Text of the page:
I do I hope to see some of the hanging plot threads resolved in future books, but I’m thoroughly on board to find out.
We get to see how much Hitomi has grown. There's plenty of adventure and heart racing moments. I loved the traveling and meeting new people(and non-humans) and seeing new things. I loved the glimpse into a different culture as Hitomi meets some of her father's people. I'm really hoping that gets explored more indepth in later books.
I loved how many new characters there were and the variety of loyalty and integrity that they showed. So many characters who helped out Hitomi and had various reasons for doing so--even at risk to themselves. Just a nice cast of well-rounded individuals. I loved that she got to meet backup with Kenta because he's a character that NEEDS more page time. (Please, please no love triangle in the future. I don't care if there's a romance and I don't care who she chooses but good gravy please don't make it a love triangle.)
I liked that Hitomi is willing to risk everything to help out Stormwind. It shows a lot about her character and makes it easy to get behind her.
Overall this book is rich in characters, world building, and a unique story.
Top reviews from other countries
Hitomi remained a clever, likeable heroine and a prime example of my favourite thing about Khanani's books: strong, female characters. I liked meeting the other characters in the book too, and there was quite the colourful, fun cast to become acquainted with. Particular favourites included the re-introduction of the cast of 'Sunbolt': Val, Stormwind, Tanuki, as well as some new faces such as Osman Bey, Stonefall, the Phoenix and Huda. The world itself has received a lot of attention too from Khanani and I was pleased to see more explanation on the strange creatures that live there, the history, the laws of their magic and of course the politics. Hitomi travelled to a fair few places so I'm excited about the prospect of her discovering more in the next book!
Honestly, there wasn't really an awful lot that I didn't like about this book. Khanani did an absolutely cracking job and now, sadly, I have to wait until the next book is released or until the first of 'The Theft Of Sunlight' series is released, which is the first in a companion trilogy to 'Thorn'. I will never stop recommending Khanani's books because I think they are an often overlooked, fantastic contribution to the diverse, fantastical YA world.
I loved Hitomi's character in Sunbolt and she grows even more in Memories of Ash. Although there’s a whole host of secondary characters – both new and returning – which gives the world a brilliant level of depth, Hitomi is very much front and centre. Her personality and objectives are never out-shadowed by the world-building, plotline or other characters. She’s creative, strong-willed, determined and self-sacrificing – the perfect heroine for this type of story. She’s not perfect though, she has moments of doubt, fear and vindictiveness, all of which make her relatable and make sense for the situations in which she finds herself.
The world-building is just as well-done as it was in Sunbolt. We see a whole host of new places, characters and cultures as Hitomi leaves the sanctuary of Stormwind’s cottage, travels through The Burnt Lands and the desert and finds her way in the big city. I especially loved the Mage School and all the details of life there that Khanani wove into the plot. The world-building was great but never got in the way of Hitomi’s journey.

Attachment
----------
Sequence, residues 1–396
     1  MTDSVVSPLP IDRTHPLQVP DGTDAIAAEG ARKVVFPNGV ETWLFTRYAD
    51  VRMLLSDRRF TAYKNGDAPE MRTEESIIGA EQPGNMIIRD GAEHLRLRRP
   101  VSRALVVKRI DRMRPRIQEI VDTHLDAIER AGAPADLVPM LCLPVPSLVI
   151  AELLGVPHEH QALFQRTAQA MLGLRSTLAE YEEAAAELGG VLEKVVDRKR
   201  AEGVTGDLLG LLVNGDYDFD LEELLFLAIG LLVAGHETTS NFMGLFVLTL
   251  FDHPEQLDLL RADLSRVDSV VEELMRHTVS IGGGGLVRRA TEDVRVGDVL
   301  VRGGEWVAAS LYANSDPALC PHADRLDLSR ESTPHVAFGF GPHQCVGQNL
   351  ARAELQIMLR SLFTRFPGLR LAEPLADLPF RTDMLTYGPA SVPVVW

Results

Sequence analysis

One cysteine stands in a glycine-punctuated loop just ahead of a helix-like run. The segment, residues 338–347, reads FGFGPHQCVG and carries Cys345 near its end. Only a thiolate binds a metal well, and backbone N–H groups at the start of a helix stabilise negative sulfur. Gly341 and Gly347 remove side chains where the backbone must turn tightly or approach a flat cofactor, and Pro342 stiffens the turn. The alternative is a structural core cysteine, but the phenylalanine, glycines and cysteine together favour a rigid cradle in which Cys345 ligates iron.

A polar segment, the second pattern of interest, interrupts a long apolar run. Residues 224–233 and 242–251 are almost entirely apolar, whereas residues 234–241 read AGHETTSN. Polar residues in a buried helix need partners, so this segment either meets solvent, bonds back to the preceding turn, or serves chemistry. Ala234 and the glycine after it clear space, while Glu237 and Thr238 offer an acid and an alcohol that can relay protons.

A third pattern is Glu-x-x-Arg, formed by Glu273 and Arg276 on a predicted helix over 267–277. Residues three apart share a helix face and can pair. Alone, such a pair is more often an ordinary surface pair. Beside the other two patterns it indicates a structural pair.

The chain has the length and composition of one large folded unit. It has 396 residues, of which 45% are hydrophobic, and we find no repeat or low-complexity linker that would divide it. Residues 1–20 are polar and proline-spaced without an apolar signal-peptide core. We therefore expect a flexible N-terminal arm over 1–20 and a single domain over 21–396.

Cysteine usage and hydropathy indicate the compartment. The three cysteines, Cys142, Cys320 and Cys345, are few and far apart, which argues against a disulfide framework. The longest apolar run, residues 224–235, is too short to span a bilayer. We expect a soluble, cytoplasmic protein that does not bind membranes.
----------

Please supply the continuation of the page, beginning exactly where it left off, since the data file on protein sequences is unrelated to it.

While I did miss Val in this instalment (he’s crucial to the plot but only briefly appears), this was very much Hitomi’s story. Khanani develops the character so well, while also exploring morality and choosing-your-path in an unobtrusive way. I loved that Hitomi’s fate was decided by her own actions and she never shied away from the consequences of her decisions. I also thought it was interesting to see a story where the protagonist doesn’t rack up a (glossed over) body count to achieve their objective/ escape etc. I thought Hitomi’s decisions e.g. to be caught rather than win a fight and kill someone, made her both more interesting and more realistic
Memories of Ash is a brilliant sequel that completely smashes Second Book Syndrome -- I can’t wait for the next instalment!
The main character is a youbg woman with emense magical abilities, who has honor and a penchant for saving those who are in dire need. She truly is a hero who regularly puts others before herself.
Her friends and those who gain her loyalty along the way are an interesting group of individuals who help carry the story along.
I truly recommend this book as well as the first book in the series, Sunbolt, to anyone who enjoys a good paranormal fantasy where the heroine is clever, quick witted, powerful, kind and always saving the day!
I’m running out of superlatives but I loved every part of this book. The world is stunning, the characters are complex and convincing, the writing is effortless (to read – I’m sure it wasn’t to write!) and the story swooped and whirled with lots of surprises along the way.
Memories of Ash is simply gorgeous. I feel like I’ve had a fabulous (if rather eventful) holiday. I really didn’t want it to end. As the percentages ticking along on the corner of my Kindle edged over 90 my chest started to ache with genuine grief at the idea of leaving. I can’t wait to go back to Hitomi’s world.
I think you could probably read Memories of Ash without first reading Sunbolt (first in the series) – but why in the world would you want to? Grab both and cancel everything for some quality reading time.
I must say that the first book was initially mundane compared to the second but I can now understand how the first book created the necessary foundation to build the characters and the plot.
If you are looking for a series with unpredictable plot, unique blend of characters, well-developed story and a colorful world to.immense yourself, then this is the series for you.
I can't wait for the next installment!